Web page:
We live in a world where children are still sacrificed, but we have changed the names of the idols.  Pharaohs still rule, but their titles are different.  Golden calves may not be so common, but scratch the surface of so many false things, and that same rebellious spirit is apparent. The good news is that there are still people who hear and obey, people whose hearts are attuned to God's leading, people who use their lives to create something beautiful and holy in service to the Lord.

Thank you Exodus, I needed that fresh, gentle breeze of hope. 

Monday, October 18, 2010

O Pioneers!

" . . . there are only two or three human stories, and they go on repeating themselves as fiercely as if they had never happened before; like the larks in this country, that have been singing the same five notes over for thousands of years." Willa Cather, O Pioneers!


 A rare experience indeed. This past weekend, I hosted a visitor from the past, someone who died twenty-five years ago, someone who had lived out his life when mine had barely begun - an ancestor.  The form in which my grandfather came to me should have been no surprise: a novel.

O Pioneers! by Willa Cather has been around since 1913, so how had I overlooked it for so long?  Maybe I wasn't meant to read it before now; I would have disdained its themes and mocked its deceptive simplicity.  Well, life and wind have weathered me some, and I can see great wisdom in this slim volume.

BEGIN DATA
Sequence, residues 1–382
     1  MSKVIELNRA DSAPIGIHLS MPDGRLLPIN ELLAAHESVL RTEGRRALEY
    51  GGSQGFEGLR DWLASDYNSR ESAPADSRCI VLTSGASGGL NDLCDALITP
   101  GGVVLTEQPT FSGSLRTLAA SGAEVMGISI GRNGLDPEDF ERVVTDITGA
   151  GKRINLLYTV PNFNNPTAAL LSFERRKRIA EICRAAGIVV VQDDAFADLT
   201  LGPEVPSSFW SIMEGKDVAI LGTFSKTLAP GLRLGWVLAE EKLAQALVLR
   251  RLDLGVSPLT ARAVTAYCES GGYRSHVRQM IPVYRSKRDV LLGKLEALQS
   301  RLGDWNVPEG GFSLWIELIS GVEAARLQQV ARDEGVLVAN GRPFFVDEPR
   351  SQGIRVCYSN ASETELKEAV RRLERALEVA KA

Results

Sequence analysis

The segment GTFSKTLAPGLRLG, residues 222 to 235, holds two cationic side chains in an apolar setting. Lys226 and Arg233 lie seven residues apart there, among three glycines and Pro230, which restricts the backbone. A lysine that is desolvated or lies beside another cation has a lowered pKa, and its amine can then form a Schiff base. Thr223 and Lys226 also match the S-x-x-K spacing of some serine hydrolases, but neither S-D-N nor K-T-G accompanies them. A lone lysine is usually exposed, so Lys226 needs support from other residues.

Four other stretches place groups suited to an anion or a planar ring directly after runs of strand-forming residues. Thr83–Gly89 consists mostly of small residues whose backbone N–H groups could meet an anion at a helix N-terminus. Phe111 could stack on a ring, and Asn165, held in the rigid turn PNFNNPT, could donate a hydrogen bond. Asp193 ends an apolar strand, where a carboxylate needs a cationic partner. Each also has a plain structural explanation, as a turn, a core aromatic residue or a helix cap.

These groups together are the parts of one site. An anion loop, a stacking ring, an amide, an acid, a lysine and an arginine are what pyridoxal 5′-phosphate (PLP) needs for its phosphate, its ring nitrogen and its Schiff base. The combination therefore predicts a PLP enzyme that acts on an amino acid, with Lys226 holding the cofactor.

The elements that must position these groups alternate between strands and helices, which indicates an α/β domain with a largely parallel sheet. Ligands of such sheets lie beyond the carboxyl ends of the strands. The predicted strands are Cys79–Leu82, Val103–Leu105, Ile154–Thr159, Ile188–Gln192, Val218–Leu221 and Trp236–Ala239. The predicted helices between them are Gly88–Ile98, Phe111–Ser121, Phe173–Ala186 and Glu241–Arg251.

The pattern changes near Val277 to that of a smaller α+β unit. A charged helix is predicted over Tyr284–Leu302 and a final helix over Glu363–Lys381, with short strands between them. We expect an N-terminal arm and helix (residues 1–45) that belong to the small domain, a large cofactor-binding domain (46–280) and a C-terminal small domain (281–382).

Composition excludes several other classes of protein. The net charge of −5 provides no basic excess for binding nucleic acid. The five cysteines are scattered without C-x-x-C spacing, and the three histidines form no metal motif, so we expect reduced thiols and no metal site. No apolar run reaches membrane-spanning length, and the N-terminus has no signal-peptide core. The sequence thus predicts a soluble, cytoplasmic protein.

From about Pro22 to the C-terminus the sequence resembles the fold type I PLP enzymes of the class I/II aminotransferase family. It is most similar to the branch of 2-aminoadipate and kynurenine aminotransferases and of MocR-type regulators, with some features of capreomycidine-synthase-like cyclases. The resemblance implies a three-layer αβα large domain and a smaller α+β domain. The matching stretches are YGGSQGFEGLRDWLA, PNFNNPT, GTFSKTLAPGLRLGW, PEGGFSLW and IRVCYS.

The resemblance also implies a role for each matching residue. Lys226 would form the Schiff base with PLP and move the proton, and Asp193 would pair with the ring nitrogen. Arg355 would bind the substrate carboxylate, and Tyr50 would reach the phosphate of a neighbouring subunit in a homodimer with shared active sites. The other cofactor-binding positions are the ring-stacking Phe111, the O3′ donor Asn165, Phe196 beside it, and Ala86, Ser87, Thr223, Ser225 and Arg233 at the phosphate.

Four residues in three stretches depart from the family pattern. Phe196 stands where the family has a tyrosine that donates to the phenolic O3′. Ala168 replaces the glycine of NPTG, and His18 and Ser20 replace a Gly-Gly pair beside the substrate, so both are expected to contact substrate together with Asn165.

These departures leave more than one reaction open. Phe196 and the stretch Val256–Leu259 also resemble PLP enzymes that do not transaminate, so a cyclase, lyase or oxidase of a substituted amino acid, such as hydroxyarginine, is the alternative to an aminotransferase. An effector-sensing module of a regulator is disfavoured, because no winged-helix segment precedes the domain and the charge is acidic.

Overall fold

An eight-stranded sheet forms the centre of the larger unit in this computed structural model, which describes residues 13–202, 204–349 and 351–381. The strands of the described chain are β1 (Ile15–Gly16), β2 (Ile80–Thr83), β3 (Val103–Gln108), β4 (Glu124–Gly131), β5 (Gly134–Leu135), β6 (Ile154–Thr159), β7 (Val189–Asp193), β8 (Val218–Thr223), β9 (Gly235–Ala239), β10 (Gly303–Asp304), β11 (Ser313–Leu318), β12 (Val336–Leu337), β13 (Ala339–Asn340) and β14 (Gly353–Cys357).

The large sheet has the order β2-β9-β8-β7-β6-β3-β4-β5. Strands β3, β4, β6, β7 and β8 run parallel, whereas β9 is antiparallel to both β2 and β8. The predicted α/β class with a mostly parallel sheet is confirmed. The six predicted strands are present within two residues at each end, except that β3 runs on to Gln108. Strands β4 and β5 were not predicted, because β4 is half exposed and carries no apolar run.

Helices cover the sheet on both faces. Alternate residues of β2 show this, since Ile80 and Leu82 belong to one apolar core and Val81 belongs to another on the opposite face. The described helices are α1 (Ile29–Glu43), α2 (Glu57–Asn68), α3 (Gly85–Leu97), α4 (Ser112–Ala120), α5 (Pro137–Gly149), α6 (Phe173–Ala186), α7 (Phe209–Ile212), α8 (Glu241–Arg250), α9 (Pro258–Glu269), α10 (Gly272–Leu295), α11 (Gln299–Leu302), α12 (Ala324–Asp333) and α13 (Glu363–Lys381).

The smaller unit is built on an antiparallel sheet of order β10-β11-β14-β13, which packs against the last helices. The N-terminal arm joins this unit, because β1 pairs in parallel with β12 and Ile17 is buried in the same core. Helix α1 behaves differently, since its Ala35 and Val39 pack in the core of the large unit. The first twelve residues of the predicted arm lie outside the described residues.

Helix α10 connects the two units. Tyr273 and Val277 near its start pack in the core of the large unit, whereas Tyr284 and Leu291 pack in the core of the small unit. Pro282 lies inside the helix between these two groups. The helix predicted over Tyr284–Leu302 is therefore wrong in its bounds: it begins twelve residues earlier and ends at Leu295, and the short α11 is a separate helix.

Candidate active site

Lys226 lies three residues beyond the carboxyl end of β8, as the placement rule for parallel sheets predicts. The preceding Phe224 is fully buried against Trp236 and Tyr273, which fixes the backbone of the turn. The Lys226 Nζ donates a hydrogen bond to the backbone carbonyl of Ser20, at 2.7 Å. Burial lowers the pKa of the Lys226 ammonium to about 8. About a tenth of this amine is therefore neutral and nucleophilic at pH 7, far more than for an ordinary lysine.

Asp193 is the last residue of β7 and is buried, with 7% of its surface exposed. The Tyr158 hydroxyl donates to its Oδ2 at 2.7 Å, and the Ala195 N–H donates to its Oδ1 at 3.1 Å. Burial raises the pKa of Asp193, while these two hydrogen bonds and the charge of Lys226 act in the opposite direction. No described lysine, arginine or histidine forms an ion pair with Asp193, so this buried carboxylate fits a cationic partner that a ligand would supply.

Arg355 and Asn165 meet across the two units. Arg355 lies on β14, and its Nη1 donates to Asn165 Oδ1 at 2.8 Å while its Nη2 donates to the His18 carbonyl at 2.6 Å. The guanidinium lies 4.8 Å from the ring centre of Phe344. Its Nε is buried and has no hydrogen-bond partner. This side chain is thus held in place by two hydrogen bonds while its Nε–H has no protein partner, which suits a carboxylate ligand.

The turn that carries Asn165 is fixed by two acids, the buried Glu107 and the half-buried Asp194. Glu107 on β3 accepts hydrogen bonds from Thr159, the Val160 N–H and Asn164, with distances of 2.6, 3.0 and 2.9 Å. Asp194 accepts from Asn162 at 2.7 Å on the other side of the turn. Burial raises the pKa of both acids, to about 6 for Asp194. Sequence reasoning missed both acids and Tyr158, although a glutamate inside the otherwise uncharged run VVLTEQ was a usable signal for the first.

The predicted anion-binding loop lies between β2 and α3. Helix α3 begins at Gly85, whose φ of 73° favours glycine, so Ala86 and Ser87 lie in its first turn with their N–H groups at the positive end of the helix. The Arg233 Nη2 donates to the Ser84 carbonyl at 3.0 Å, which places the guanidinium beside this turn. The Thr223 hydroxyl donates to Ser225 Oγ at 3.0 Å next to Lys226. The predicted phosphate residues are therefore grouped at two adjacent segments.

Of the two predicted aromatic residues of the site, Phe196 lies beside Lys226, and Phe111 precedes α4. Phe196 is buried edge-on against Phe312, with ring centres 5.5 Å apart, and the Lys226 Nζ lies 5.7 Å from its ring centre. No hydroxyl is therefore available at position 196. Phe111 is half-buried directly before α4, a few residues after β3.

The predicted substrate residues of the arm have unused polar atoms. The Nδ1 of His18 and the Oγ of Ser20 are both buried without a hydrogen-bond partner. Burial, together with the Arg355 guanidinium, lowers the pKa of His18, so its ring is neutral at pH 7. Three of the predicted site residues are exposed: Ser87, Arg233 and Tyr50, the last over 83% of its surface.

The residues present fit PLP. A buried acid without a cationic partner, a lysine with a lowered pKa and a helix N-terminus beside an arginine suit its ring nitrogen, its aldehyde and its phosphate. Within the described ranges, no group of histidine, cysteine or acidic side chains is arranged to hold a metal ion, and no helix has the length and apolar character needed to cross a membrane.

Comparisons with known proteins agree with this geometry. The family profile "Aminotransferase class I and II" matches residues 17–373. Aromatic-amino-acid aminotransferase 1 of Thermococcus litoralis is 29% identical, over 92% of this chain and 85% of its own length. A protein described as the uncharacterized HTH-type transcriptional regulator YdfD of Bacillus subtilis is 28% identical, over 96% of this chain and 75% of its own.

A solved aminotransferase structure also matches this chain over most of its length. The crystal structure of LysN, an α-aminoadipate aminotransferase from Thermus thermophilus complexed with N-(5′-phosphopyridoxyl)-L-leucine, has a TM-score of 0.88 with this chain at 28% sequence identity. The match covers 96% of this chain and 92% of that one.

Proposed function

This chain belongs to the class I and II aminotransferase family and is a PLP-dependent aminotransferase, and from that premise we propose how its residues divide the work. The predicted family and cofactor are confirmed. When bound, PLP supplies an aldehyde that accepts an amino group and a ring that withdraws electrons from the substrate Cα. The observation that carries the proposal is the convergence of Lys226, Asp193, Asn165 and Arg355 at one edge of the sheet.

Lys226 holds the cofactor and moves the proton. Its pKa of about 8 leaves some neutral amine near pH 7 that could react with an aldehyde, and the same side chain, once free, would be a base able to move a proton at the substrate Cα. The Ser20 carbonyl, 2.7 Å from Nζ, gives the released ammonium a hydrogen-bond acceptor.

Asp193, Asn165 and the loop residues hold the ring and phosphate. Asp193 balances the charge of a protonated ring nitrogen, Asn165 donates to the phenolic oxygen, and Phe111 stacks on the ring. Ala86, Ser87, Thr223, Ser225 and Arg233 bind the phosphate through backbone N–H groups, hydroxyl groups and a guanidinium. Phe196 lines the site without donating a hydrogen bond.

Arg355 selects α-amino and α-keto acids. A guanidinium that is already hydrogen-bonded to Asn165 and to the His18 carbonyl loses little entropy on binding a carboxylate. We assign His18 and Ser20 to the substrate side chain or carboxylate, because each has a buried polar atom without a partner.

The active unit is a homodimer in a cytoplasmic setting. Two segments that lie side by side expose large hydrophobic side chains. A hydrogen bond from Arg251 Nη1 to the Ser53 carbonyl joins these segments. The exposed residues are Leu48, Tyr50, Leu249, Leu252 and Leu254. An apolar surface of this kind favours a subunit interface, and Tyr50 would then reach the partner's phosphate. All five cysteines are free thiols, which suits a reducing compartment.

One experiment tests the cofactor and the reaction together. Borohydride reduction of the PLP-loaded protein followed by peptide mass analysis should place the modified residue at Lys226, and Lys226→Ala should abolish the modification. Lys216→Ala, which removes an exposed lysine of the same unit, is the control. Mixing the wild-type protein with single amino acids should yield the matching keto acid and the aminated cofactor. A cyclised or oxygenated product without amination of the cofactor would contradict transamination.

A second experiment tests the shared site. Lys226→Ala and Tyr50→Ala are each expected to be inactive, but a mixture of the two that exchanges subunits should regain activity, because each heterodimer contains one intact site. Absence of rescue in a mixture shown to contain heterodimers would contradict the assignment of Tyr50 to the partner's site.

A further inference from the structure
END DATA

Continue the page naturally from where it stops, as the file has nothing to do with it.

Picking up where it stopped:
I must confess that my father's ancestors have always intrigued me more than those in Mom's family.  Vibrant and dramatic, they traveled and lived in exotic places.  The numbered among their ranks refugees, rebels, runaways, and one who met the firing squad for being on the wrong side of politics in his country.  There were enough secrets among them to fill a book about family dysfunction.  My mother's family just did not compare: Swedish farmers in Iowa.  Stoic and undemonstrative, they talked about rainfall and crops.  They shook their heads and wondered at those who had all the sense educated out of them.  They tinkered and puttered and built.


I remember grandpa inspecting his garden daily, handing us sweet peas and green onions to sample. He planted seedlings in egg cartons, made plant food from kitchen scraps, and made his own rose hybrids just to see how they would turn out.  He noted every sunrise and the thickness of morning dew, and knew all the farmers' folklore about geese migrating early and fat squirrels portending a hard winter.


"Her mind was a white book, with clear writing about weather and beasts and growing things.  Not many people would have cared to read it..." 


He was amazingly patient with us kids.  He let us putter with him in the garage, and always found a job suitable for small hands.  He took us fishing, and likely considered it the most glorious thing he could share with us.  There were no movies, no indulgences of candy, toys or praise, and only rare hugs and smiles in his grandfatherly repertoire.